They usually form in response to inflammation of the bladder (such as FIC) or another underlying disease (such as a UTI). The presence of the mineral deposits inside the bladder further causes inflammation and pain. This can exacerbate the condition, causing more stones to form.
How Long Can a Cat Go Without Peeing?
It is worrying when I notice my cat is struggling to pee. It’s never nice to know she is in pain, and the first point of call should always be your vet. If your cat is eating and drinking but not peeing, your vet probably won’t find anything severely wrong. Your cat’s urinary health will need to be looked at, but there is no major cause for concern.
However, if your cat doesn’t pass urine for 48 to 72 hours the problem becomes a medical emergency. One of the most important functions of urinating is to remove toxins from the body. When your cat isn’t and cannot pee, these toxins accumulate. The build-up of toxins can cause permanent damage to the bladder and potentially even death.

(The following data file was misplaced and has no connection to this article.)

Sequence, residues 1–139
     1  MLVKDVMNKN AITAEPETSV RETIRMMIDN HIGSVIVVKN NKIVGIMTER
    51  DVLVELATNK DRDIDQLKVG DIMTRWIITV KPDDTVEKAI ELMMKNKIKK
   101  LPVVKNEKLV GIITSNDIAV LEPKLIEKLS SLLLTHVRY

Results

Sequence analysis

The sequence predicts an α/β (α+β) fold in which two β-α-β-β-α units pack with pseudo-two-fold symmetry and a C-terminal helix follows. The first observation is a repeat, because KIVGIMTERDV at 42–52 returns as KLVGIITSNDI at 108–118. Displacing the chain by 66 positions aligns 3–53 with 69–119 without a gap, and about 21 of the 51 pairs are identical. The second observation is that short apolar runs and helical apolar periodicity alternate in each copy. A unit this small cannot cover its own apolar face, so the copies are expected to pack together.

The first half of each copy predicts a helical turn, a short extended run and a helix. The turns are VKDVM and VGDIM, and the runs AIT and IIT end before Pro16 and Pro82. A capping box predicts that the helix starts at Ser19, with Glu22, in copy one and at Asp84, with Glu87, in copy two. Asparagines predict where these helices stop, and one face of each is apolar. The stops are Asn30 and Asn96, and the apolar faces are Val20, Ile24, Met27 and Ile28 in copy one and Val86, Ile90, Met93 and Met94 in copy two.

A blocked bladder usually results from a urinary obstruction. This is where the urethra becomes blocked so your cat cannot physically get any pee down the tube. Males have longer and thinner urethras than females, thus blockages are more likely. Still, any cat of any age can suffer from urinary obstruction. FIC, bladder stones, and UTIs can all cause urinary obstruction.
This is why it is vital to get your cat to the vet as soon as you notice any urinary symptoms, no matter how mild. Examples include all those discussed already, such as blood in the urine, straining to pee, and crying out in pain when urinating. Get the conditions treated before it becomes a medical emergency, no exceptions!
How to Help a Cat With Urinary Problems?
As pet parents, we want to help our cats with any issues they might be facing. I have several cats and have dealt with a few urinary problems in my time. Here is my best advice on helping your cats through this painful time as they make a recovery.